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 wealth is useless, and reason is powerless"
Herophillies, Ancient Greek Philosopher-Scientist


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Red Sox Irradiated Their Own, Which Put Me to Thinking


by J. Speer-Williams


Many years ago, I was in the coal-mining business, in West Virginia. It was there that I had an interesting conversation with a grizzled old coal-miner, who had once been trapped deep underground, after a cave-in.


"When I heard the rumblings of that cave-in getting closer to me," he said, "well ... that put me to thinking."


When suddenly assaulted by an intemperate crisis, most of us are thrown into a state of fear, which inhibits any thinking. But perhaps, the old miner was simply calling the fear he must have felt - "thinking."


Today, historic dangers are at hand for Americans, from almost every quarter, from our federal government to the pharmaceutical/medical combine, throwing some of us into a paralytic fear, with still fewer of us able to give our precarious situation much thought at all. The despotic triumvirate of the federal government, international banks, and multi-national corporations have made life much like trying to transverse a mine-field, without many of us knowing where the land mines are, and many more not even knowing they are in a mine field; such is their desire to avoid being fearful or inconvenienced with thinking.


From personal experience, I know the way I've tried to avoid fear, or being forced to think, is to look to "authorities" or "experts" to answer my questions. After all, isn't that what they're paid to do?


But, in more responsible moments, I'm nagged by the words of Albert Einstein who said, "Unthinking respect for authority is the greatest enemy of truth."


I was reminded of Mr. Einstein's words when recently reading the sad story about the promising, young, Boston Red Sox outfielder, 26 year old Jacoby Ellsbury.


On a Sunday afternoon (April the 11th, 2010) Jacoby collided with third baseman Adrian Beltre, severely injuring Ellsbury's ribs.  Two sets of chest x-rays had show no fractures, but after a week and a half Ellsbury was not recovering. So eleven days after his injury, the Red Sox medical staff had young Mr. Ellsbury under go a CT scan (CAT: Computerized Axial Tomography), which Sox manager Terry Franconia said was  standard protocol.


"You treat the symptoms, " said Franconia, "and once you're not able to play, go back and do the CT scan."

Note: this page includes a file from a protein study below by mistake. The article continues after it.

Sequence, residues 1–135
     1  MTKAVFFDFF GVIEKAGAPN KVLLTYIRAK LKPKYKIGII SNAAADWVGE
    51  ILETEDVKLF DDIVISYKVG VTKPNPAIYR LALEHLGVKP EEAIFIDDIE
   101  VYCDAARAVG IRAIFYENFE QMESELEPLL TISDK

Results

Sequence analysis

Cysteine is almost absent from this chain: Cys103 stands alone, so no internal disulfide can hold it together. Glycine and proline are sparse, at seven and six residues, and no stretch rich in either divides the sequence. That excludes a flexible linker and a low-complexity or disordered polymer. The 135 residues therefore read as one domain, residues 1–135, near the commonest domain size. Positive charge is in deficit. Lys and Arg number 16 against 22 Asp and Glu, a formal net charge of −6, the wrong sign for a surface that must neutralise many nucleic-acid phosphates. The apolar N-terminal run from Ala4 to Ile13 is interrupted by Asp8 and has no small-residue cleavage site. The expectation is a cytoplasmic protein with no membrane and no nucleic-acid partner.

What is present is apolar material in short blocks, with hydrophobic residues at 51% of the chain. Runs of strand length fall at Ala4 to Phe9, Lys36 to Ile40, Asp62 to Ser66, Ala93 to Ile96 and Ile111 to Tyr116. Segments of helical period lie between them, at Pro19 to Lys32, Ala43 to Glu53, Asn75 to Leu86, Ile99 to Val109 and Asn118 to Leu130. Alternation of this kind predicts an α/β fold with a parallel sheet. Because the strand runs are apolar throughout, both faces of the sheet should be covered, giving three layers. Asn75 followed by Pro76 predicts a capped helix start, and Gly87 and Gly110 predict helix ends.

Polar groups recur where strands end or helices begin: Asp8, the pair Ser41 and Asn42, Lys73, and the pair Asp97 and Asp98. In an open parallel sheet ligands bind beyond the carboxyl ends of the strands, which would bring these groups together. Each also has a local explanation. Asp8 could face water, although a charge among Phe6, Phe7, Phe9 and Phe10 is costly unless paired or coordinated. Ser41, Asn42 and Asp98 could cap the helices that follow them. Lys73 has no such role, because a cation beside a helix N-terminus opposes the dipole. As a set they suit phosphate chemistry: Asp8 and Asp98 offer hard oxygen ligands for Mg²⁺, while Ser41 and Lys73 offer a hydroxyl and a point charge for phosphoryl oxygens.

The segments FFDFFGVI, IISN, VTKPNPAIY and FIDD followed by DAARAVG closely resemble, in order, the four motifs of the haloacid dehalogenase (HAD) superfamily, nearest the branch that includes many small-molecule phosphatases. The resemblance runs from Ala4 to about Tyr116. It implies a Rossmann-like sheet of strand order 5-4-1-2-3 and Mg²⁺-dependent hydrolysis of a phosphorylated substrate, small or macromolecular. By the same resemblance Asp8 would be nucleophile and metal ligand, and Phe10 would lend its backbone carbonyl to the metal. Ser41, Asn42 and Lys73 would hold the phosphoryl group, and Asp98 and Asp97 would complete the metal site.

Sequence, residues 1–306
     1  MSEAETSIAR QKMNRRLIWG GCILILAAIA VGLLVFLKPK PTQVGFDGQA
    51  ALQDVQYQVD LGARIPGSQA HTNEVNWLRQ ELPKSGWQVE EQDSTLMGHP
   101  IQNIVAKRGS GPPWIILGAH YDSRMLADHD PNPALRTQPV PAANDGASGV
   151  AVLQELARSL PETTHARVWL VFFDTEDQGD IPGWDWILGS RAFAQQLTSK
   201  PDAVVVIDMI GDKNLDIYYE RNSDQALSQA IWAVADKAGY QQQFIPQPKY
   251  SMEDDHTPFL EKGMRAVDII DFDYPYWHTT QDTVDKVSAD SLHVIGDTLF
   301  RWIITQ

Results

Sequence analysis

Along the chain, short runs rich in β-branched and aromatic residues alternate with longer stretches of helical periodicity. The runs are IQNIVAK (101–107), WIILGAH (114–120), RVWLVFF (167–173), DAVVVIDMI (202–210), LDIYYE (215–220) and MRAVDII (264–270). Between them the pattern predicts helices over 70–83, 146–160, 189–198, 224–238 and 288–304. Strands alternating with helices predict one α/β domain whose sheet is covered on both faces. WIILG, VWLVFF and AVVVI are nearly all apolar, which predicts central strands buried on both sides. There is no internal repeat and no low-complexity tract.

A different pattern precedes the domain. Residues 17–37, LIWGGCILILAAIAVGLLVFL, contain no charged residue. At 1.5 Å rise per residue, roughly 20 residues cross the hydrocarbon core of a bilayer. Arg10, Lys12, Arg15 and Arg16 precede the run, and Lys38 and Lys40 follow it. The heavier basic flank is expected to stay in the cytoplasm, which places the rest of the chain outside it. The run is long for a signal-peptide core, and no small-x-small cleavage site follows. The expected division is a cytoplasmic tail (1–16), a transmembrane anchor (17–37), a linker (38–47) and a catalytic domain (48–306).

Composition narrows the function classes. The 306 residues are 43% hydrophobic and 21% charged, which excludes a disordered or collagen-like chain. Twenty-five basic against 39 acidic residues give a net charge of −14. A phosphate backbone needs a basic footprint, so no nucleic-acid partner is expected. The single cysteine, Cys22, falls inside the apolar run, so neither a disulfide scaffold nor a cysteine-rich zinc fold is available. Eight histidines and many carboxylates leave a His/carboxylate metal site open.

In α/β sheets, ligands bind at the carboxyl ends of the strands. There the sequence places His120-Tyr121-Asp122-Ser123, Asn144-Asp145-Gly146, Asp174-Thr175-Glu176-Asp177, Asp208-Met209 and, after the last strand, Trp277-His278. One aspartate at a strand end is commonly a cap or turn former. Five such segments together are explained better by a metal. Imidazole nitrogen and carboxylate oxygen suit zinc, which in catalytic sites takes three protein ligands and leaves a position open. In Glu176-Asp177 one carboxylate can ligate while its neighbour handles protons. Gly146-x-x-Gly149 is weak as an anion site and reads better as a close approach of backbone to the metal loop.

A CT scan is a computer linked to an x-ray machine that takes hundreds of x-rays in one scan. Informed people avoid CT scans, if at all possible, due to the enormous amount of radiation CT scans emit. And if it's truly standard protocol to administer a CT scan for merely broken ribs, Mr. Franconia, someone in the Red Sox organization should be held accountable for criminal negligence.


But perhaps, Franconia can be forgiven his ignorance, as medical diagnostics are not his area of expertise. According to some, Mr. Franconia already struggles enough with his supposed knowledge of baseball.


But, the same tolerance cannot be extended to the Boston team doctor, Thomas Gill, as medical diagnostics are an area I'm sure the good doctor is being well paid to know all about. It's an understatement to say Dr. Gill should have known better than to give Ellsbury a dangerous and frivolous CT scan for merely fractured ribs.


The only remedy for injured ribs, no matter what the x-rays show, is rest and time. Even Gill, himself, said the course of treatment for Ellsbury would have been no different even if the hairline fractures, shown by the CT scan, had been detected earlier in the first two chest x-rays.


"Whether something is a rib contusion or a hairline fracture, or a mainly displaced fracture of the ribs," said Gill, "all those injuries are treated the same way."


If the treatment would be the same, why the perilous CT scan, doctor? Do you not know that a CT scan can radiate a human body with the equivalent of 100 to 1,000 full chest x-rays?


A more conservative estimate of the dangers of CT scans comes to us from Yale University. Dr. James A. Brink, professor and chairman of diagnostic radiology at Yale tells us that one CT scan is equal to 100 to 250 chest x-rays. Can you image what even 100 chest x-rays could do to your own body?


Dr. Joseph Mercola has written, "CT scans deliver far more radiation than has been believed, and may contribute to 29,000 new cancers each year, along with 14,500 deaths."


But still, CT scans in the US have leaped from 3 million in 1981 to 63 million in 2005. The Internet Journal of Radiology reports that, "Despite the advent and development of MRIs, a technique that is sophisticated and non-invasive, without exposing patients to radiation, the CT scan still remains one of the most commonly performed procedures in diagnostic radiology."


Perhaps some medical doctors call for CT scans with such regularity because they increase billing totals. But for whatever the reason, irresponsible or ignorant medical doctors have so grossly subjected unaware Americans to so many CT scans that the total cumulated radiation exposure that an individual can suffer can be as high as that of a medium doze of radiation from an atomic bomb explosion.


Apparently such medical doctors were never taught that radiation accumulates in a human body, until a critical level is reached, at which time the body becomes afflicted with cancer. And the older one is the more radiation they've contacted from the ambient atmosphere through the years, until merely one CT scan can quickly kill them. Informed, responsible doctors, athletes, and patients avoid CT scans whenever possible.


We can only hope that if Jacoby Ellsbury comes down with cancer, as a result of his needless and criminally irresponsible CT scan, it will be many years from now.

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